Surviving the heat of spring

Now that our maximum temperatures are exceeding the 30 degree mark it feels like spring has pretty much come to an end. It’s been great to see the seeds we planted in August come to life and start to fruit. At the same time my anxiety about the plants surviving the heat of summer is increasing.

I’ve definitely started to watch the weather patterns more closely. We’re starting to get some of those gorgeous summer 3D cloud formations (I’m sure there is a more scientific name for them) that are a major feature of Joburg summer landscapes.

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Clouds over Nelson Mandela Bridge on Friday afternoon
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A beautiful unfulfilled promise of rain over Hillbrow

Despite the daily late afternoon spectacular cloud showcase on most days there’s no opening of the clouds and gift of water from the skies. We’ve only had a couple of thunderstorms so far. Perhaps they’re still on their way but at this point I’m seriously considering getting a rain chart.

It feels like spring is a lot warmer this year compared to last year, but maybe I just feel like that every year because I’m always following the NASA temperature analysis reports which warn every month that it’s just getting hotter.

According to a report by Nasa’s Goddard Institute for Space Studies:

“July 2017 was statistically tied with July 2016 as the warmest July in the 137 years of modern record-keeping, according to a monthly analysis of global temperatures by scientists at NASA’s Goddard Institute for Space Studies (GISS).”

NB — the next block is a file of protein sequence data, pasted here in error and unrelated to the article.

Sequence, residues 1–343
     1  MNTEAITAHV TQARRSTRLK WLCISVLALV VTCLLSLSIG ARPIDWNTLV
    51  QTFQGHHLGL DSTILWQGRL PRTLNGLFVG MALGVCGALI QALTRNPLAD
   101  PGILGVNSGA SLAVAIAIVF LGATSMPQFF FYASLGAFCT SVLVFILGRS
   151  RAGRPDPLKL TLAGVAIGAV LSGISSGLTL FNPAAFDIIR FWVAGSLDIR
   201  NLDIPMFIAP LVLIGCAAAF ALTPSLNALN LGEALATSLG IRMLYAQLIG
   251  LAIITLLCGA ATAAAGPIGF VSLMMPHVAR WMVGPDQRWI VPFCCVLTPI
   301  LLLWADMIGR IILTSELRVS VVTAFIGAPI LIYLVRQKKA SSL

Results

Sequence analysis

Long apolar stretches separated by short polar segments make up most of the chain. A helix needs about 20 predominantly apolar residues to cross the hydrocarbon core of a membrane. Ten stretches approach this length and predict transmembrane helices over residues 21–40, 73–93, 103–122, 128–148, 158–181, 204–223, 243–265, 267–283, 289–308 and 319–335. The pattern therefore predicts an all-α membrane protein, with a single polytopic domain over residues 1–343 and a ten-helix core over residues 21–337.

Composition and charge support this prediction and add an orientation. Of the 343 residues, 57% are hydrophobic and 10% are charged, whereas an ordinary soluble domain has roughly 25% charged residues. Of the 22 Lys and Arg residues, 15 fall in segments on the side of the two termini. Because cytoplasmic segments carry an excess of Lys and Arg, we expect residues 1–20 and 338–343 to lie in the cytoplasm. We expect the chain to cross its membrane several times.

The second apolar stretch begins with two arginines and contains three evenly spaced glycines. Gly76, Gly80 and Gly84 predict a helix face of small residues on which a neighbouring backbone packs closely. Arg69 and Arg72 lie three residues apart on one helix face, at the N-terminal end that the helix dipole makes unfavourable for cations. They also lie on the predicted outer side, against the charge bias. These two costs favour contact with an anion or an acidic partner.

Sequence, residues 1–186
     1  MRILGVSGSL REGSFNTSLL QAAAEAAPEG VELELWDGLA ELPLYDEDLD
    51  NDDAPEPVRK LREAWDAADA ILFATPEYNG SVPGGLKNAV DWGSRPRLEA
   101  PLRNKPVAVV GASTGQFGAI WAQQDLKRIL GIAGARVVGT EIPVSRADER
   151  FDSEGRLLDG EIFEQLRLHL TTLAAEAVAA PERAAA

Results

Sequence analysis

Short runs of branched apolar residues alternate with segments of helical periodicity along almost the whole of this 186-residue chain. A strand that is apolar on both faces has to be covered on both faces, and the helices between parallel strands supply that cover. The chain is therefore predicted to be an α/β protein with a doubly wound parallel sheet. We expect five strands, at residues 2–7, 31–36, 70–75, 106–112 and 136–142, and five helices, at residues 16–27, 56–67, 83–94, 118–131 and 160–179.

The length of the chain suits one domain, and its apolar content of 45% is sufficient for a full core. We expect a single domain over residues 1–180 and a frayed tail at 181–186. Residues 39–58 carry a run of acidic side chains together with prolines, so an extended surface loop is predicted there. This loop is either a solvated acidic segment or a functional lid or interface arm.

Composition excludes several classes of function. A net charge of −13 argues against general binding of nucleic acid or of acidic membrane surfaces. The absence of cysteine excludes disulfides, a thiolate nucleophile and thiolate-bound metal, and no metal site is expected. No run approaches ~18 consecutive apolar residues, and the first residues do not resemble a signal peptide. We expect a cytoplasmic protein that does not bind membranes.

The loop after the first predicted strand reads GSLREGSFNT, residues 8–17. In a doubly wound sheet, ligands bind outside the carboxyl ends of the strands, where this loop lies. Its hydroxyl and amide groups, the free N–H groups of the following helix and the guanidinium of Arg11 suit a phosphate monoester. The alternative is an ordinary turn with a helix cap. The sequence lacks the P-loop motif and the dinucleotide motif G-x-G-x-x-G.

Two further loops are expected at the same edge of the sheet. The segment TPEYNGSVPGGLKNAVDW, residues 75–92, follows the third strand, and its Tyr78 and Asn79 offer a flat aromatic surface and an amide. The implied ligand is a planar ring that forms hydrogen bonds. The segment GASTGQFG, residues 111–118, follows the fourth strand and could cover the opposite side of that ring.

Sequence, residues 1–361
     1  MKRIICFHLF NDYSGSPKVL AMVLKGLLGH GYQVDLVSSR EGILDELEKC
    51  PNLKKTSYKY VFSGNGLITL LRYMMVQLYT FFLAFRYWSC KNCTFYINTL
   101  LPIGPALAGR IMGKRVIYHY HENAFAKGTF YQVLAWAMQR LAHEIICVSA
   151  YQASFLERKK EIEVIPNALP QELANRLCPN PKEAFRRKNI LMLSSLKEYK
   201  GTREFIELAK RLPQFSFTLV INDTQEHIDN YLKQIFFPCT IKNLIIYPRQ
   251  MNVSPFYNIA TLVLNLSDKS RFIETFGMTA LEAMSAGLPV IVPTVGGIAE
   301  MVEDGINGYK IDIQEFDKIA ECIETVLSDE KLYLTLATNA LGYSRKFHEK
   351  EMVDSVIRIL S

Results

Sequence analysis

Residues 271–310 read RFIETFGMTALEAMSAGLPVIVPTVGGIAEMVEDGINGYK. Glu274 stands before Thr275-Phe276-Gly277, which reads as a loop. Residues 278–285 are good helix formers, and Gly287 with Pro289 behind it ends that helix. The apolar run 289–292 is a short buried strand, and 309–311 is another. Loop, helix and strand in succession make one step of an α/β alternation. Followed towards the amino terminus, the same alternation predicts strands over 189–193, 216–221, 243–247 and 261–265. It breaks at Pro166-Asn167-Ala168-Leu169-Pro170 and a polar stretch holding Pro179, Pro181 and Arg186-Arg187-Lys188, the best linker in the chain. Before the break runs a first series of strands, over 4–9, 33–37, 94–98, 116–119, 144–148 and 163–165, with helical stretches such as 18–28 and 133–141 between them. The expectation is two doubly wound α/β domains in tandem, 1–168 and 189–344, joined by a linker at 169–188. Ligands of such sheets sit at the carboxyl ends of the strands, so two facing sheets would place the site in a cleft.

I guess I’m hyper aware of the impact of warming on my little courtyard garden. Most mornings when I get a chance to inspect for pests I find my self sticking my fingers into the soil at random places to check if I need to water. More often than not I need to turn on the taps.

There’s been a lot happening in the garden since my Spring is here blog post back in September. As always I feel like there is a lot more to do but for now I think it’s important to reflect on what I’ve learnt so far.

The heirloom zucchini plants have given us some tasty veggies to eat. The first seeds I planted in pots on Women’s day in August have all flowered but haven’t given as many zucchini as the ones I planted in the ground in September.

I think this is because I planted more than one seed in each pot and it’s been a little too crowded.

The blueberry plants that we thought had died through winter and almost threw out will give us about four berries this spring. This is very little I know but sometimes knowing that you kept a plant alive for more than a year when you didn’t really know what you were doing is still feels like an achievement.

Ironically, the most generous plant in the courtyard garden has been the artichoke. We have feasted on about three artichokes already and there are at least another four on the way.

This plant I bought by chance at the beginning of the year. I had no idea how to care for it or how large it would grow. It’s become the centre piece of the main bed in the courtyard garden and it’s gotten so heavy that we needed to put a mini-tripod on the side to keep it upright.